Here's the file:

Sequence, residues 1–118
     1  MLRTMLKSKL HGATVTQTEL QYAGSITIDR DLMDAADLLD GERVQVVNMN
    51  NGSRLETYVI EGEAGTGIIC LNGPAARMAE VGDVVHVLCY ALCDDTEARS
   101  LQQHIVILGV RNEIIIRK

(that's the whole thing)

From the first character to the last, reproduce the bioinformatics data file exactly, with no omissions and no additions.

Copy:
Sequence, residues 1–118
     1  MLRTMLKSKL HGATVTQTEL QYAGSITIDR DLMDAADLLD GERVQVVNMN
    51  NGSRLETYVI EGEAGTGIIC LNGPAARMAE VGDVVHVLCY ALCDDTEARS
   101  LQQHIVILGV RNEIIIRK